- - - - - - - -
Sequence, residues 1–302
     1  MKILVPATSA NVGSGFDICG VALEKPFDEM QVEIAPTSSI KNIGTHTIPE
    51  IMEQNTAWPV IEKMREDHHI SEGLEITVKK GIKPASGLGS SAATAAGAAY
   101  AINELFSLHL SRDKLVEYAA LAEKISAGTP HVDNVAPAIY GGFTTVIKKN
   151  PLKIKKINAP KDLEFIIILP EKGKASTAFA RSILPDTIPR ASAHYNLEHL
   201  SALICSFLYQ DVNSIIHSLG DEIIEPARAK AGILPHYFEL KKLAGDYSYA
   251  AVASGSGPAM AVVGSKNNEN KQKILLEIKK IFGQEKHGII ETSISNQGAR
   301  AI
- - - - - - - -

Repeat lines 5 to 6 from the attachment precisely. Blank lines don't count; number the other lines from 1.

   151  PLKIKKINAP KDLEFIIILP EKGKASTAFA RSILPDTIPR ASAHYNLEHL
   201  SALICSFLYQ DVNSIIHSLG DEIIEPARAK AGILPHYFEL KKLAGDYSYA